Larry Murphy (1988, 1992)
The worst parts of the colossal pandemic tragedy are the thousands of people who have died alone, and their survivors who have been unable to comfort them. I would find a way -microchips, cloud storage, whatever -to include and commemorate their ordeal in the time capsule. Victims of historical tragedies like the Holocaust, the Irish famine, other genocides, have been so honored, those who have perished from the COVID pandemic deserve the same respect.
Ken Brown (2001, 2009, 2013)
Multiple creative face masks, a supply of Sonoma Valley cannabis, Spirit of Jewel dancing, my excellent daughter/ roommate Eden photo, photo of Donald Trump, Doonesbury Sunday comix, copies of the Sonoma Index-Tribune, and a hardy congratulation for surviving!
Tom Rouse (2014)
Generations from now, when our great-great-grandchildren unearth the COVID time capsule, my contribution to that capsule will have been an assortment of masks. As the pandemic unfolded, it was clear early on, that healthcare workers needed masks to keep themselves safe as they were caring for the influx of patients. Supplies were limited and, as a result, the general population was not immediately asked to wear one. As time went on, the logic behind everyone wearing a mask became obvious and the mad rush for masks was on. Homemade masks began to appear. Groups of men and women across the country and the world started making masks of all colors and materials. By Christmas, masks were the go-to stocking stuffer. Fast forward to today and retailers from 7/11 to Nordstrom and everywhere in between are selling us masks. In the past, we might wear a mask on Halloween. Who would have thought it would ever be OK to walk into a bank with a mask on? COVID changed our lives in many ways and the mask to me will always be a reminder.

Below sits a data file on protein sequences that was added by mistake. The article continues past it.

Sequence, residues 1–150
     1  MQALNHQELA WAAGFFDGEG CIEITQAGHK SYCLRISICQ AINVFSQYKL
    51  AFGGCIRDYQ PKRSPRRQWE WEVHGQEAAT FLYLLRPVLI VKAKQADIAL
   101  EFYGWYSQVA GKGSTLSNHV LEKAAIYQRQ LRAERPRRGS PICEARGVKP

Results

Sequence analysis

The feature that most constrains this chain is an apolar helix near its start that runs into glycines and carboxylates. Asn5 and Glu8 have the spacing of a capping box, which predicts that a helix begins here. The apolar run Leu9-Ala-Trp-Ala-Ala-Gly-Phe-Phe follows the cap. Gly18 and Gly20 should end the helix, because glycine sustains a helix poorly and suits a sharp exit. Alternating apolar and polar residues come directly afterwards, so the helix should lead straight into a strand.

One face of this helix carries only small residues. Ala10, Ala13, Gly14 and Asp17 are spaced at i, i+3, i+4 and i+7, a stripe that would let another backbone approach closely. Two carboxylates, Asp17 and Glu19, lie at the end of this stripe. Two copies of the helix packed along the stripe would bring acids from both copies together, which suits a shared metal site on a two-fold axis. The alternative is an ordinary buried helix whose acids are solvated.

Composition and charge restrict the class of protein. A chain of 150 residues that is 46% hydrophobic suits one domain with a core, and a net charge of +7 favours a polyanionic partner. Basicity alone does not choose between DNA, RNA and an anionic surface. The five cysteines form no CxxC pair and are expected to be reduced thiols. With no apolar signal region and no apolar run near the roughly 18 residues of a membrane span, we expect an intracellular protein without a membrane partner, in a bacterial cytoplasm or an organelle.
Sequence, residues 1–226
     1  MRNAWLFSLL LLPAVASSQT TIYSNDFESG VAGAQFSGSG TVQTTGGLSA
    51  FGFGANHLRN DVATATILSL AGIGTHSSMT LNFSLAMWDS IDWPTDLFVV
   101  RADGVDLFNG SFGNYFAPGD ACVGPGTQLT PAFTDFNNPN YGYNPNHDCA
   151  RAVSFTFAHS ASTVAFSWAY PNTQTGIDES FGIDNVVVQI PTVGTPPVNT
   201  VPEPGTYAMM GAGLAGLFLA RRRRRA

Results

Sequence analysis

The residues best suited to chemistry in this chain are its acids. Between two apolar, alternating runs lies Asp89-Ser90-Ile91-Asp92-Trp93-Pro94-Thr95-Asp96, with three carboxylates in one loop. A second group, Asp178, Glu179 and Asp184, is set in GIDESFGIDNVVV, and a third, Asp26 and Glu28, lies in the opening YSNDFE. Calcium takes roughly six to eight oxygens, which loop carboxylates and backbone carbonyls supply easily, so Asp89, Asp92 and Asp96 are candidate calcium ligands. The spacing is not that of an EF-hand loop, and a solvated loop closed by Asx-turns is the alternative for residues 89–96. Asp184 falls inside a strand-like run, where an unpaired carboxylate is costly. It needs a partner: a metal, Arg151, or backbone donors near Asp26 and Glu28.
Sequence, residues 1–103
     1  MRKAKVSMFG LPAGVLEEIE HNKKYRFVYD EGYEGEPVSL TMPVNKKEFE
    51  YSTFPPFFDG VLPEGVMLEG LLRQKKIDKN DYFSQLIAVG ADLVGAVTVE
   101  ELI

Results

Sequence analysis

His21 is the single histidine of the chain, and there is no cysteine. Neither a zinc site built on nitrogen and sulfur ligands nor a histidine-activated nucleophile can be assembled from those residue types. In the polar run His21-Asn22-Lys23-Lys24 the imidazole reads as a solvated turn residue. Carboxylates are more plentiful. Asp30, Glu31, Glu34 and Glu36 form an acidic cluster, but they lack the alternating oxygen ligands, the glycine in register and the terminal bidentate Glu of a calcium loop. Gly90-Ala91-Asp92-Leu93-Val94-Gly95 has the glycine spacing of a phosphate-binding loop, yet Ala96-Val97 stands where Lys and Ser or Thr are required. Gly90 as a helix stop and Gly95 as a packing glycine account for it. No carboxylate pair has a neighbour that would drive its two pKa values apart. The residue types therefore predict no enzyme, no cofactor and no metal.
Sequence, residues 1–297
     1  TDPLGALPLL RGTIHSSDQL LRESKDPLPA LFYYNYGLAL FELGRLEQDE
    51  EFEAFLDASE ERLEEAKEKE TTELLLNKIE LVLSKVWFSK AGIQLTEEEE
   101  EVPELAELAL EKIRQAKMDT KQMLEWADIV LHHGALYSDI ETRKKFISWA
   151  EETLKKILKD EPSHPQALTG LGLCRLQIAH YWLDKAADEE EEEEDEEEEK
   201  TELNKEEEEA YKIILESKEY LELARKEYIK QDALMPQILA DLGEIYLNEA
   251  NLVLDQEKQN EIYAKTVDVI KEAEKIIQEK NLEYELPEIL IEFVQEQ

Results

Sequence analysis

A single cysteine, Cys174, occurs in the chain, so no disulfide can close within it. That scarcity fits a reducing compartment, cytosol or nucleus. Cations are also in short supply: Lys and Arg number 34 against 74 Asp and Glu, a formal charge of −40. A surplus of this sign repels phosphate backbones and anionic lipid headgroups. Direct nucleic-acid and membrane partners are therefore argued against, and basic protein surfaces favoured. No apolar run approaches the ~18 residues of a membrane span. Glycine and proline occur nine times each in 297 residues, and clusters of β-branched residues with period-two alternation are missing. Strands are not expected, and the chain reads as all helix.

One last thing… I’d probably throw a bottle of hand sanitizer in there as well. Because that stuff lasts forever!
Nancy Parmelee (1976, 1980, 1987)
Any 2020 time capsule will have lots of pictures -pictures of the half-million Americans who shouldn’t have died that way, and pictures of lines waiting for testing, for the vaccine, for food banks, outside grocery stores, and empty shelves in those stores. My contributions would include an annual calendar empty of activities after the middle of March. The other item would be a copy of the movie “Groundhog Day,” because most days seemed to be a repeat of the one before.
Larry Barnett (2000, 2005)
For many, the social and psychological impacts of the pandemic may last a lifetime. We were witness to events on a tectonic scale; rather than coming together to help one another during a disaster, we were forced to stay apart. Husbands, wives, and children in the same household faced great uncertainty if one member of the family contracted the coronavirus. The pandemic tore the ties that bind -hugs, kisses, shaking hands, sharing meals, physically caring for each other -an emotional trauma of the first order, particularly for kids and the elderly.
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Article Source: Naviga News Edge